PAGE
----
A citizenship crisis, whereby five federal MPs have been ruled ineligible to sit in parliament, has created turmoil for the Turnbull government. Matters have only been made worse since the Senate president Stephen Parry has confirmed that he is also a foreign citizen.
Section 44 of the Australian Constitution states that any person with “allegiance, obedience or adherence to a foreign power” is unfit to stand for election. This archaic rule has been interpreted to disallow dual citizens from being public representatives.
The current crisis kicked off when Greens senators Scott Ludlum and Larissa Waters resigned from parliament claiming they were both unaware they were dual citizens. Both were born overseas and moved to Australia as children.
When the news broke, ribbing began from Malcom Turnbull, only to cease soon after when members of his own Coalition were also found to be dual citizens. In total, seven members of parliament were engulfed by the scandal, with the High Court ruling that only two were eligible to remain in their positions.
Barnaby Joyce, the deputy prime minister, was the only member of the government involved from the House of Representatives. His disqualification has triggered a by-election in his electorate of New England. Given he has now renounced his New Zealand citizenship he will be eligible to stand.
With the Turnbull government only clinging onto power by a single seat they are in a very precarious position. Joyce’s absence jeopardises the government’s ability to command a majority in the House of Representatives. While a full-blown constitutional crisis is not the most likely scenario in the coming weeks, the situation does highlight just how weak Turnbull’s grip on power is. Since its election last year, the government has been wracked by crisis after crisis.
While many of us have no sympathy for the fate of Barnaby Joyce or the Coalition, we should be careful to not adopt an opportunist position in relation to citizenship, as the Greens have done.
The Greens have argued that Section 44 should be interpreted in a strict way, ensuring that anyone who is a dual citizen, even if unwittingly getting that status through their parents or grandparents, is barred from standing for federal office. Such a ruling is fundamentally undemocratic.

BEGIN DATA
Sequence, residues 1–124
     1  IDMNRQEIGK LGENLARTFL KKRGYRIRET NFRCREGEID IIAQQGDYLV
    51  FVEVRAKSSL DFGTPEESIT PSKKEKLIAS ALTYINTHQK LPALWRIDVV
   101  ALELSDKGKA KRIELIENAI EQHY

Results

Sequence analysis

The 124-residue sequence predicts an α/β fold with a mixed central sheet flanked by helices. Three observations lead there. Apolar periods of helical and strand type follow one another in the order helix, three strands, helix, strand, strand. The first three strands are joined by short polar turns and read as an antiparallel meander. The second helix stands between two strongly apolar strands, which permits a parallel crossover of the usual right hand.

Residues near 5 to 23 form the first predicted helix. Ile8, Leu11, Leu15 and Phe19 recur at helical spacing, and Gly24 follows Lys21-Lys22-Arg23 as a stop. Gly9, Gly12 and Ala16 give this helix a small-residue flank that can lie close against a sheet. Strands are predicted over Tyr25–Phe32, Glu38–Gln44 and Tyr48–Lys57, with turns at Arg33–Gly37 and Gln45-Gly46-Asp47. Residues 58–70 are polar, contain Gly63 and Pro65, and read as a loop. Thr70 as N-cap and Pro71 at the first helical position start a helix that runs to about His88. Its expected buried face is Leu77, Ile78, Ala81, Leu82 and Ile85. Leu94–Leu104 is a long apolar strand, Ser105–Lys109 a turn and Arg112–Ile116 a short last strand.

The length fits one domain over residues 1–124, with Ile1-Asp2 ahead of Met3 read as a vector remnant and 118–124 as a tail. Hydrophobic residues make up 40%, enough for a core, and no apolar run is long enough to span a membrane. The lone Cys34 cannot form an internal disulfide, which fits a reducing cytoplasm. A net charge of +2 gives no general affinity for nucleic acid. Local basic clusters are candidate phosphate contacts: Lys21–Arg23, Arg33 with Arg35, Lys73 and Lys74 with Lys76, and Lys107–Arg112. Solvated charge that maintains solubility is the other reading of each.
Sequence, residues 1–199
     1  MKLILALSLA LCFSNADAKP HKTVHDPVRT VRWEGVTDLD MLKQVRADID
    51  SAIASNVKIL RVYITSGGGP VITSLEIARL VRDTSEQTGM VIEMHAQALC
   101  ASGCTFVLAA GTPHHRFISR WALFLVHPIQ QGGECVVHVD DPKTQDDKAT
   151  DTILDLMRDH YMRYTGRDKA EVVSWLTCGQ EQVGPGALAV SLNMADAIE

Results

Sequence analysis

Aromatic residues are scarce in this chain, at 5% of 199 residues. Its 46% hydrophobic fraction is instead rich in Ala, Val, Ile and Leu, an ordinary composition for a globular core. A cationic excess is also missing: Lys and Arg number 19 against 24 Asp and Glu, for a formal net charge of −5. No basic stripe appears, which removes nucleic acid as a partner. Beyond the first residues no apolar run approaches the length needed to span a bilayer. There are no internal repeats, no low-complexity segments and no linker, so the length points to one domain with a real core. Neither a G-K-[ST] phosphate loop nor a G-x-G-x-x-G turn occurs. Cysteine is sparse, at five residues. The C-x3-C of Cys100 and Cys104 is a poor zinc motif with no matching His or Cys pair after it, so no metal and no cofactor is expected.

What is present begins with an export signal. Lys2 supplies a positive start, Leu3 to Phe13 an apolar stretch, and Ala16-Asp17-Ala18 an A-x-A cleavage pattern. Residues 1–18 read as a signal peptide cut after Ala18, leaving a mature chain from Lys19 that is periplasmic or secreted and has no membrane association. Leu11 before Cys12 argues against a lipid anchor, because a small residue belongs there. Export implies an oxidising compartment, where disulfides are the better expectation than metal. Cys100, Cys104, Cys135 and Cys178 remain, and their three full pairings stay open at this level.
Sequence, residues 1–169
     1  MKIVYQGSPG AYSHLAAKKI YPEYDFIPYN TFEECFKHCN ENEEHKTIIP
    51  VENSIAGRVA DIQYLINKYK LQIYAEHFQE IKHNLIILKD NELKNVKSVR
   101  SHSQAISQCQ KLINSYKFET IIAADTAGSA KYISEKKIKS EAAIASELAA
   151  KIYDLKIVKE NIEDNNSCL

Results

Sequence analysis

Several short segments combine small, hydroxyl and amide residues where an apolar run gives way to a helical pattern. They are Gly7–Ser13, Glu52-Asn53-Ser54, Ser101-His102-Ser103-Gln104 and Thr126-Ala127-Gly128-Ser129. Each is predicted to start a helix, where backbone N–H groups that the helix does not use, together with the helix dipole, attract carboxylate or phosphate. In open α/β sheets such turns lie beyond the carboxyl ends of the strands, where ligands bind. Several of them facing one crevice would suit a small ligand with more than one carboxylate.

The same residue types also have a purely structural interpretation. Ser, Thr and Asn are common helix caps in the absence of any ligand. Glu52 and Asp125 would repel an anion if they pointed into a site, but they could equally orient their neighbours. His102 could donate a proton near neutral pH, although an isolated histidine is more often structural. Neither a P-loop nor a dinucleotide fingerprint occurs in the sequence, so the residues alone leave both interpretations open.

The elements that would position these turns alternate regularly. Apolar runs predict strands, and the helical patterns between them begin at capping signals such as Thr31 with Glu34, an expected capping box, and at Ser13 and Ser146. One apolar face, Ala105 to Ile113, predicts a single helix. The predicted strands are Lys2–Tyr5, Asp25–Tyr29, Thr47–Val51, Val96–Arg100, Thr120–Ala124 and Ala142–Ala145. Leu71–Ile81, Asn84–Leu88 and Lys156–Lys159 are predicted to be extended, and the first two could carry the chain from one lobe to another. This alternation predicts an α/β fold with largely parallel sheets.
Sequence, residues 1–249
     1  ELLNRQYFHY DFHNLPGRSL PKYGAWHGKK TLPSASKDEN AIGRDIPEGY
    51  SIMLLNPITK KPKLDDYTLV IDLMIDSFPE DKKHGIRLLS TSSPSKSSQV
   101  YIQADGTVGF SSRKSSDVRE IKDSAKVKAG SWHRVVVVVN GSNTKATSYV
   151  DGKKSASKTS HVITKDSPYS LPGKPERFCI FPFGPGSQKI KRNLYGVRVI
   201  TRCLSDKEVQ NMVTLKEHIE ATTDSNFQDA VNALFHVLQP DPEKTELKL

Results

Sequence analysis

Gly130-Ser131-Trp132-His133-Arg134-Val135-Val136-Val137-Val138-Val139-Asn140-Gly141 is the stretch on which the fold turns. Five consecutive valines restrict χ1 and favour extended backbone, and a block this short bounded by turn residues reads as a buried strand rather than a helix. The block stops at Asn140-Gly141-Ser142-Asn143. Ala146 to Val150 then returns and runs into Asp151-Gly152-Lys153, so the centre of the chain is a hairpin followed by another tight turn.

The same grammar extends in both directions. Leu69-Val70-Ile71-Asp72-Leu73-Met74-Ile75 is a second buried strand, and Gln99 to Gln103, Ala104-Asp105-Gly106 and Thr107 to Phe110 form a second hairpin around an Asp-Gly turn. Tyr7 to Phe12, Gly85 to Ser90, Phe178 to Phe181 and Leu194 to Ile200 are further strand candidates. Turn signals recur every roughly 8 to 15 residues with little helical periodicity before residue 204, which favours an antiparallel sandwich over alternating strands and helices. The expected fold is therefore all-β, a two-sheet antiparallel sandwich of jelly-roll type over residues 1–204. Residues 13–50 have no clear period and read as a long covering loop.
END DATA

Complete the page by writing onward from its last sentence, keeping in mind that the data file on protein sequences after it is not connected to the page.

Figures from 2011 show that 27% of the Australian population was born overseas. A large percentage of those people would be dual citizens. In addition, another 20% of Australians are second generation, leaving them open to being dual citizens through their parents, whether they are aware of it or not.
The Greens opportunist support for the undemocratic Section 44 of the constitution is a dangerous precedent to set. Instead of calling for adherence to this archaic document, we should be demanding that the rules are changed. As it stands the constitution blocks a huge proportion of the population from standing in elections, a fundamental democratic right.
Socialists demand the right for all people to stand for elections regardless of their country of origin or background. Furthermore, we place no faith in a constitution drafted by a rich elite who stole the land of this country in the service of British capitalism. It does not represent the majority of ordinary people.
As well as fighting for democratic rights in the here and now we need to fight for the creation of a society that is built on direct democracy. Being asked to vote for one or another big business party every few years is not genuine democracy.
It is not ruled out that in addition to Stephen Parry more MPs are found to be dual citizens in the coming weeks. This issue has the potential to engulf all of the parliamentary parties and perhaps even threaten the future of the government itself.
By Corey Snoek